• Synthesis of ecofriendly natural-product-like compounds with biological activity against weeds.

Dr. Fabrizio Araniti
Dr. Mercedes Verdeguer
Dr. Adela M. Sánchez Moreiras
Guest Editors

Manuscript Submission Information

Manuscripts should be submitted online at by registering and logging in to this website. Once you are registered, click here to go to the submission form. Manuscripts can be submitted until the deadline. All submissions that pass pre-check are peer-reviewed. Accepted papers will be published continuously in the journal (as soon as accepted) and will be listed together on the special issue website. Research articles, review articles as well as short communications are invited. For planned papers, a title and short abstract (about 100 words) can be sent to the Editorial Office for announcement on this website.

Submitted manuscripts should not have been published previously, nor be under consideration for publication elsewhere (except conference proceedings papers). All manuscripts are thoroughly refereed through a single-blind peer-review process. A guide for authors and other relevant information for submission of manuscripts is available on the Instructions for Authors page. Plants is an international peer-reviewed open access semimonthly journal published by MDPI.

Please visit the Instructions for Authors page before submitting a manuscript. The Article Processing Charge (APC) for publication in this open access journal is 2700 CHF (Swiss Francs). Submitted papers should be well formatted and use good English. Authors may use MDPI's English editing service prior to publication or during author revisions.


  • secondary metabolites
  • mode of action
  • natural compounds as bioherbicides
  • allelopathy
  • essential oils in crop protection
  • allelopathic crops
  • botanical herbicide
  • phytotoxins
  • natural herbicide
  • biological control
  • omics

Published Papers (1 paper)

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13 pages, 2247 KiB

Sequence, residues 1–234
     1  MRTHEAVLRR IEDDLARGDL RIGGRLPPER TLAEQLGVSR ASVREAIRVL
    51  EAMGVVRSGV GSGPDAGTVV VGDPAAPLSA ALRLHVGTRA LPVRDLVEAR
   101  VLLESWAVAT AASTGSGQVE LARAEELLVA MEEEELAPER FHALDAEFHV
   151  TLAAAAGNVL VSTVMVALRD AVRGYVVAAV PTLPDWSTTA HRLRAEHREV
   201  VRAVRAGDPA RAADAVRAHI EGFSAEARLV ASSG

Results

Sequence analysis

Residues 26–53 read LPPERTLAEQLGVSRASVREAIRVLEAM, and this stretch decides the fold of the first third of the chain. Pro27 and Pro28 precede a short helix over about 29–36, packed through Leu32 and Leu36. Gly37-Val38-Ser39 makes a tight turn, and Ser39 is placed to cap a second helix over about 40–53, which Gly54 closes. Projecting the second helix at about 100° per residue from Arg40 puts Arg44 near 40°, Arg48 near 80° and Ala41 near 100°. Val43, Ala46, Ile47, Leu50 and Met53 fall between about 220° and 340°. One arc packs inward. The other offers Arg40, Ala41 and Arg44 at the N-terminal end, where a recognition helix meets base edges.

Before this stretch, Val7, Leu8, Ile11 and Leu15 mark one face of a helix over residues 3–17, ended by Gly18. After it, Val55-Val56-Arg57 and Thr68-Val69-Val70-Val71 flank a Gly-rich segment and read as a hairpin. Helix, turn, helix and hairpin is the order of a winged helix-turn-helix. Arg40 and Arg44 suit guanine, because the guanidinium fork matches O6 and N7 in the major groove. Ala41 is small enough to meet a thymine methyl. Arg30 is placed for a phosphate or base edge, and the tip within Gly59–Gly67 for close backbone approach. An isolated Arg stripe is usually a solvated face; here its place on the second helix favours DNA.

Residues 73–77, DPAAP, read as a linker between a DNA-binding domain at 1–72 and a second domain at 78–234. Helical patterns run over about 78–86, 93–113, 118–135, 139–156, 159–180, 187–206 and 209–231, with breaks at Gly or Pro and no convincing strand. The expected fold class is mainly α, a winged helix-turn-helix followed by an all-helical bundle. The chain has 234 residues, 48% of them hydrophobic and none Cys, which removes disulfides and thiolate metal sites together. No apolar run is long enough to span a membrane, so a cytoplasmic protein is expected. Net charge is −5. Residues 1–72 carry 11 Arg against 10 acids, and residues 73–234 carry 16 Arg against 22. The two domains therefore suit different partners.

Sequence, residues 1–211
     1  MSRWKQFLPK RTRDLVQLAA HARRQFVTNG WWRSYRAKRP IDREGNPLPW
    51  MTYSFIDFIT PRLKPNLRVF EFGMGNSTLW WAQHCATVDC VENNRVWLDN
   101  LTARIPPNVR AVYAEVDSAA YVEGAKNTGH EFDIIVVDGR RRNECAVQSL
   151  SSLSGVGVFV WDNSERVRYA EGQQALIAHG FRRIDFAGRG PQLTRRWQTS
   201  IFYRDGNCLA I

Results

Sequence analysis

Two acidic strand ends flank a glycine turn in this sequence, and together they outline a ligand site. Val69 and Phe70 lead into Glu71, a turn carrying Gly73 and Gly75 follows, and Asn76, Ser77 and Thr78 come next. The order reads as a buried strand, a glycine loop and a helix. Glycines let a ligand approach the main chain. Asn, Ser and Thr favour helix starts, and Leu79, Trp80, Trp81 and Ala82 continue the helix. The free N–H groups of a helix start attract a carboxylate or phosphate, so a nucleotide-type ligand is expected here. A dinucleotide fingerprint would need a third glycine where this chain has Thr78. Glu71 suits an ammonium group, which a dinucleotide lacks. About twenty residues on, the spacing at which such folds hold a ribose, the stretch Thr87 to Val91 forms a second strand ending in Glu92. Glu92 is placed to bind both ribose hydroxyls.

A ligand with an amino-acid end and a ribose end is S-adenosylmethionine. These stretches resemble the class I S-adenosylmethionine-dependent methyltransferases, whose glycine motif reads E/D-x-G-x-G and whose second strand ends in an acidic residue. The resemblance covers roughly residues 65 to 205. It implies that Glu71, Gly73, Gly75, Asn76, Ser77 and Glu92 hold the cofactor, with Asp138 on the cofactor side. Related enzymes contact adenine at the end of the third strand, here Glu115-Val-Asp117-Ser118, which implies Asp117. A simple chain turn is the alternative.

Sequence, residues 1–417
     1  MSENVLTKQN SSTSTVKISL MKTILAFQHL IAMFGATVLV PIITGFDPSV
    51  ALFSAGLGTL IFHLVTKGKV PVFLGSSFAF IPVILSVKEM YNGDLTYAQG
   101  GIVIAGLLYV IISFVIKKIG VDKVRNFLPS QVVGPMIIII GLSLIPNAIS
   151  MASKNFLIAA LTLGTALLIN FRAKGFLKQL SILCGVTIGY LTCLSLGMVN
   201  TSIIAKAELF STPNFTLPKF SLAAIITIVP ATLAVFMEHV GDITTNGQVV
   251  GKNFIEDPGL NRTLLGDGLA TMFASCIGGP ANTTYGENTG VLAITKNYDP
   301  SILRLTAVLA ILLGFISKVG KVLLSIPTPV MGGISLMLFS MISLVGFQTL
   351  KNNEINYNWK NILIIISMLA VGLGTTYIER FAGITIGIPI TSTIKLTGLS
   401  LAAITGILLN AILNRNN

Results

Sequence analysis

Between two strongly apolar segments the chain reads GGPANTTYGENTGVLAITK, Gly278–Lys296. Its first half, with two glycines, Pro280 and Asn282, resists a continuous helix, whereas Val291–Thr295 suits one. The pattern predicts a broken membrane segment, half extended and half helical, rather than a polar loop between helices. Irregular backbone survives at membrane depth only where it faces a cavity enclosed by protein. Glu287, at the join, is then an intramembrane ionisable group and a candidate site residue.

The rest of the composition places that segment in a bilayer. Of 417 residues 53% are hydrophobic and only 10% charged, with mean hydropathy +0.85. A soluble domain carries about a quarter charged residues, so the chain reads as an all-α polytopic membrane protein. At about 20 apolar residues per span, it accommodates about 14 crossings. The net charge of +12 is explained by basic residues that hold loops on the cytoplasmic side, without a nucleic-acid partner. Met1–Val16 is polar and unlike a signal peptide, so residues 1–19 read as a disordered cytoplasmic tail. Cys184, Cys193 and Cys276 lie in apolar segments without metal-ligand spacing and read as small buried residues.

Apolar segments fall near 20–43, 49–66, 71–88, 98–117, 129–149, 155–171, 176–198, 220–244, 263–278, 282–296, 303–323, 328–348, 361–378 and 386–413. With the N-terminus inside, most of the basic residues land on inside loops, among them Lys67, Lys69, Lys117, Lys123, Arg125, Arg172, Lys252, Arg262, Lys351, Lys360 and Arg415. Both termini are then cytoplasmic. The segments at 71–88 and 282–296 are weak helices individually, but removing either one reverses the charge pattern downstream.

Short-Term Effects of Trans-Cinnamic Acid on the Metabolism of Zea mays L. Roots
by David López-González, Leonardo Bruno, Carla Díaz-Tielas, Antonio Lupini, Meriem Miyassa Aci, Emanuela Talarico, Maria Letizia Madeo, Antonella Muto, Adela M. Sánchez-Moreiras and Fabrizio Araniti
Plants 2023, 12(1), 189; - 02 Jan 2023
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trans-Cinnamic acid is a phenolic compound widely studied in plant metabolism due to its importance in regulating different plant processes. Previous studies on maize plants showed that this compound could affect plant growth and causes metabolic changes in the leaves when applied. [...] Read more.
trans-Cinnamic acid is a phenolic compound widely studied in plant metabolism due to its importance in regulating different plant processes. Previous studies on maize plants showed that this compound could affect plant growth and causes metabolic changes in the leaves when applied. However, its effects on root metabolism are not well known. This study analyses the short-term effect of trans-cinnamic acid on the morphology of vascular bundle elements and metabolism in maize roots. At short times (between 6 and 12 h), there is a reduction in the content of many amino acids which may be associated with the altered nitrogen uptake observed in earlier work. In addition, the compound caused an alteration of the vascular bundles at 48 h and seemed to have changed the metabolism in roots to favor lignin and galactose synthesis. The results obtained complement those previously carried out on maize plants, demonstrating that in the short term trans-cinnamic acid can trigger stress-coping processes in the treated plants. Full article
(This article belongs to the Special Issue Mode of Action of Plant Natural Products II)